A research program and API committee activity underway since 1979 have produced the draft "Recommended LRFD Practice for Planning, Designing, and Constructing Fixed Offshore Platforms, API RP2ALRFD." A companion paper by Lloyd and Karsan (1988) presents the history, objectives, and benefits of this draft Recommended Practice (RP), the first from API to have a thorough reliability basis. This paper explains the reliability calibration of the principal safety factors.


The traditional one-third allowable stress increase for environmenta1 loading found in working stress design (WSD) has been replaced in the Draft RP2A-LRFD by separate load factors (?) for dead load, live load, wind-wave-current load, earthquake load, and wave dynamic load. Resistance factors (ø) vary for pile capacity, beam bending, axial compression, hydrostatic pressure, etc. Together, these load and resistance factors provide a level of safety close to present practice, yet provide more uniform safety and economy.

The detailed documentation of the load and resistance factor calibration is described in parts of references Moses and Russell (79–22), Moses (80–22, 81–22, 82–22, 83–22, 85–22, 86–22, and 87–22). This paper highlights the methodology and data, leaving specific provisions for a later publication.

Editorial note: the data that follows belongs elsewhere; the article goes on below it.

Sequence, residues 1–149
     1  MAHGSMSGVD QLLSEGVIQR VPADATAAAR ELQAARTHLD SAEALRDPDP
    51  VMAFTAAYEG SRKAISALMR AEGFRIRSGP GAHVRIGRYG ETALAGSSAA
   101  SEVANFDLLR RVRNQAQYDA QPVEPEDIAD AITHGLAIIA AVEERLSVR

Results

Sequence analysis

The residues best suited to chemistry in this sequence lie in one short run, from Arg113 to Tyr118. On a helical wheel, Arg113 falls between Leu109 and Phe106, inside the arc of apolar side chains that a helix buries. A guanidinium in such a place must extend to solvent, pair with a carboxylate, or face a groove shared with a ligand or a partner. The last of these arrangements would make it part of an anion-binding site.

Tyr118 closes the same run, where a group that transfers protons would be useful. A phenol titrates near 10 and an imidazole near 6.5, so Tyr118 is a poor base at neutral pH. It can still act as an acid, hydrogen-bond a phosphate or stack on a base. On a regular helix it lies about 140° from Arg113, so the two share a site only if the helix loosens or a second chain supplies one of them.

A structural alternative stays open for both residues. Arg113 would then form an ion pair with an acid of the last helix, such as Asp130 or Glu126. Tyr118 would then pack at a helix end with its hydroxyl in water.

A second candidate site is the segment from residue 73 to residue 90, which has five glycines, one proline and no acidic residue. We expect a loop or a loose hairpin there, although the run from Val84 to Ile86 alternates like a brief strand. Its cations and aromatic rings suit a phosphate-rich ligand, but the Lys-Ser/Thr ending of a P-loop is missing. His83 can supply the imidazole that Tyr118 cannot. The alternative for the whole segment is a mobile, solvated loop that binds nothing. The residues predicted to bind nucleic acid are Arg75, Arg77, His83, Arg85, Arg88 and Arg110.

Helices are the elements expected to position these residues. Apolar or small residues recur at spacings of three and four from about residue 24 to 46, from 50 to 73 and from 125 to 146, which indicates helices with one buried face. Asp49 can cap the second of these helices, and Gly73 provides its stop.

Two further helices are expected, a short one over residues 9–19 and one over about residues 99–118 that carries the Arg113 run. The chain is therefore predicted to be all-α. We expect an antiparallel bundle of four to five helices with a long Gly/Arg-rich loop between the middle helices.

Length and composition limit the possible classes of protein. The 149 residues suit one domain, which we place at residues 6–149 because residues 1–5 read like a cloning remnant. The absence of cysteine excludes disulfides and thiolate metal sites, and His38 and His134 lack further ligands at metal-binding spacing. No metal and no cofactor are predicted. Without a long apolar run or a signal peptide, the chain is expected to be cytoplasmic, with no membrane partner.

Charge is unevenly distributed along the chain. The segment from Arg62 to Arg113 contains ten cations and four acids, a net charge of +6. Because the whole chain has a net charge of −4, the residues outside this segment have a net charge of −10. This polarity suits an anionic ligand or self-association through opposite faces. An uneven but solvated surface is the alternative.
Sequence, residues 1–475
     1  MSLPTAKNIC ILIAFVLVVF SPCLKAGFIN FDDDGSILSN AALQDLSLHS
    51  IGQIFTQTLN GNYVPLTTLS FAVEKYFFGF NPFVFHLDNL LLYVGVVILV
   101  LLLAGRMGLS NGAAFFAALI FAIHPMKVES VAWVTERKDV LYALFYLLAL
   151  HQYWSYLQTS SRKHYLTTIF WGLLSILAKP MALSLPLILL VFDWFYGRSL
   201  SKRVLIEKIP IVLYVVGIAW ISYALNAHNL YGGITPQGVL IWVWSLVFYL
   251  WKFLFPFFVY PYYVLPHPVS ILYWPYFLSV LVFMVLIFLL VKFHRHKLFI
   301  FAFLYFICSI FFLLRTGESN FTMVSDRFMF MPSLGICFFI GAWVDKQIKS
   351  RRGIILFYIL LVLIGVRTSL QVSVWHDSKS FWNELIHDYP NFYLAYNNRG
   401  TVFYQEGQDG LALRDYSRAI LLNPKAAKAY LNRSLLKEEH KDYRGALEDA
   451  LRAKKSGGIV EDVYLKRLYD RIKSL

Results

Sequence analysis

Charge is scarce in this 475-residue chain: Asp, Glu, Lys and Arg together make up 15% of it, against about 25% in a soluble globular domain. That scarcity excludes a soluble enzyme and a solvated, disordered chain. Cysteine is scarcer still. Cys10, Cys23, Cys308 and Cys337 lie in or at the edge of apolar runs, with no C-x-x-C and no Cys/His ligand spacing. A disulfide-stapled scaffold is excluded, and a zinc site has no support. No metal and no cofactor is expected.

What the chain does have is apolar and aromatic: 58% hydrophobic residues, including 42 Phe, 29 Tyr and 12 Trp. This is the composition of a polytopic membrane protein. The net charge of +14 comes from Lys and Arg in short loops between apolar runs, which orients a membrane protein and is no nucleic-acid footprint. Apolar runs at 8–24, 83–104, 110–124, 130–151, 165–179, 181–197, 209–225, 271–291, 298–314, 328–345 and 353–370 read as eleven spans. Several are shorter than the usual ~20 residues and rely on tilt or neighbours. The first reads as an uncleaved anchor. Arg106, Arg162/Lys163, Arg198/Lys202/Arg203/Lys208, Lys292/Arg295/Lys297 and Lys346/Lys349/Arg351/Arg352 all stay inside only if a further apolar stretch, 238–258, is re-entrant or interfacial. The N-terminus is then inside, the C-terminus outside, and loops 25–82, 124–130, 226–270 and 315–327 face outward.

In the course of this work over several years the strategy for calibrating the LRFD factors was refined and adapted. The initial goal was to achieve safety close to present practice for each component design check. One consequence is that this can result in different computed safety levels (for example, bending as compared to tension). This calibration strategy then evolved to achieving more equal computed safety over a wider class of design situations than at present. An example is closer computed reliabilities for the various tubular joint checks. Both of these strategies are called "reliability calibration" or "Beta Calibration" for the safety index ?.

However, in some situations, such as when statistical data was unavailable, it was necessary to set aside the reliability calculations and simply achieve the same strength as present. We call this direct or "brute force" calibration. This was used for both seismic design and for the design of nontubular members.


Using the reliability calibration, the load and resistance factors were chosen by the following steps:

  1. Assemble a data base of the statistics of loads and component strengths. This includes the mean and coefficient of variation (COV) of each variable, as well as the bias that relates nominal design values to mean values.

  2. Obtain a distribution of safety indices implied in current working stress design. The safety index ? is computed for a range of environmental to gravity loads ratios typical for each type of component. From these calculations, establish a target safety index for each type of structural component.

  3. Find load factors (?) for each load condition and resistance factors (ø)for each component to provide maximum uniformity of ? ?S for each component over the range of its load ratios.

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